Exchange Is Not Robbery: More Stories of an African Bar Girl

Author:
John M. Chernoff

Price:
$ 25.00 (new)
$ 3.56 (used)

Medium:
Paperback (424 pages)

Publisher:
University Of Chicago Press
2005-01-15

Availability:


Editorial Description

While living in West Africa in the 1970s, John Chernoff recorded the stories of "Hawa," a spirited and brilliant but uneducated woman whose insistence on being respected and treated fairly propelled her, ironically, into a life of marginality and luck as an "ashawo," or bar girl. Rejecting traditional marriage options and cut off from family support, she is like many women in Africa who come to depend on the help they receive from one another, from boyfriends, and from the men they meet in bars and nightclubs. Refusing to see herself as a victim, Hawa embraces the freedom her lifestyle permits and seeks the broadest experience available to her.In Exchange Is Not Robbery and its predecessor, Hustling Is Not Stealing, a chronicle of exploitation is transformed by verbal art into an ebullient comedy.  In Hustling Is Not Stealing, Hawa is a playful warrior struggling against circumstances in Ghana and Togo. In Exchange Is Not Robbery, Hawa returns to her native Burkina Faso, where she achieves greater control over her life but faces new difficulties. As a woman making sacrifices to live independently, Hawa sees her own situation become more complex as she confronts an atmosphere in Burkina Faso that is in some ways more challenging than the one she left behind, and the moral ambiguities of her life begin to intensify.Combining elements of folklore and memoir, Hawa's stories portray the diverse social landscape of West Africa. Individually the anecdotes can be funny, shocking, or poignant; assembled together they offer a sweeping critical and satirical vision. (20050122)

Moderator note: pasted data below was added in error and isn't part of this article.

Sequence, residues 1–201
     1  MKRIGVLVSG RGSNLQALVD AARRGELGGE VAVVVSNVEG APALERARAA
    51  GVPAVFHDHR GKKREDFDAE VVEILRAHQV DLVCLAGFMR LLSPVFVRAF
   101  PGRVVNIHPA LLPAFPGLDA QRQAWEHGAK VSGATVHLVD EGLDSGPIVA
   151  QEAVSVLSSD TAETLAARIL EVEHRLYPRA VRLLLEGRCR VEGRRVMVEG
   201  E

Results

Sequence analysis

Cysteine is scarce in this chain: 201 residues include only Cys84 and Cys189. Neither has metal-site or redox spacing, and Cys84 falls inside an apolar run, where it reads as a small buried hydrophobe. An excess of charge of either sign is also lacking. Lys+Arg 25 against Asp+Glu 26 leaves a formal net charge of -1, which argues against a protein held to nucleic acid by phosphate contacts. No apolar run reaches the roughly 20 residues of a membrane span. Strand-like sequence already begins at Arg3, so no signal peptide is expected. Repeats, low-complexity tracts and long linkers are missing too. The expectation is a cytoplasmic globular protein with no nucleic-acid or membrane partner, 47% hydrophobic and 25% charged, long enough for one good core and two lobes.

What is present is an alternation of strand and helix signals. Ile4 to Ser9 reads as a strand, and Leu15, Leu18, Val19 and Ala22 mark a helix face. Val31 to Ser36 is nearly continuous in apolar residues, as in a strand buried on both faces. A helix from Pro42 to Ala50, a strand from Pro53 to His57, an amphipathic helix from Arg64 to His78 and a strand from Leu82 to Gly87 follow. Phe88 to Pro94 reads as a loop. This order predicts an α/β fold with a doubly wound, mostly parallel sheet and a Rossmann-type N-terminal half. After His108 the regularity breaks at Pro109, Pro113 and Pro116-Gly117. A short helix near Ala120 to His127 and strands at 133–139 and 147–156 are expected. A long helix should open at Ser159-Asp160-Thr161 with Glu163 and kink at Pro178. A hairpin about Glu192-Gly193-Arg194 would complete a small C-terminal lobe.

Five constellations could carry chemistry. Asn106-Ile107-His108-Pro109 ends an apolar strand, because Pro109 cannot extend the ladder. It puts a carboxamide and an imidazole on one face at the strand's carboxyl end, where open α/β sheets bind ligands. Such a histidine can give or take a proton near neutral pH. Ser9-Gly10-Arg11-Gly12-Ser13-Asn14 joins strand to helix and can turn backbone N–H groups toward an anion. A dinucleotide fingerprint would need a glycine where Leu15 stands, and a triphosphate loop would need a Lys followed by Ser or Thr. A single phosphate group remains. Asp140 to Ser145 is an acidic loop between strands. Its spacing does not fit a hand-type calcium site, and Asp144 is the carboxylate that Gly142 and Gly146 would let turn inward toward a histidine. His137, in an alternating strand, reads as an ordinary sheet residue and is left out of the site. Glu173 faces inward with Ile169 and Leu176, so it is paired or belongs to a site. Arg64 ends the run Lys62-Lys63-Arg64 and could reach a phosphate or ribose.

Reader Reviews

Further Along the Journey
John M. Chernoff's "Exchange Is Not Robbery" continues the adventures of Hawa, the West African bar girl introduced in "Hustling Is Not Stealing", which appeared several years ago. The two volumes are best read continuously, giving the reader the benefit of Chernoff's comprehensive and fascinating introduction to the first book. Hawa's vibrant personality and humor continue, but as she returns to Burkina Faso, the tone darkens somewhat. She moves between Ouagadougou and the village where her sick father lives, making observations about the sexual politics of being an "ashawo" and the economic stresses of the independent lifestyle she has chosen. Hilarious, but awful at the same time, are the stories of her encounters with French men (of whom she has a very low opinion!) and the lengths to which she must go just to survive. Awful but not hilarious at all is the oppressiveness of village life for women. Hawa never becomes bitter, but she expresses a greater sense of what her autonomy has cost her. This volume is also rich with folklore and magic, which blend seamlessly into the harshest realities. This book, like its predecessor, is unique and absolutely wonderful. I was sorry when it ended.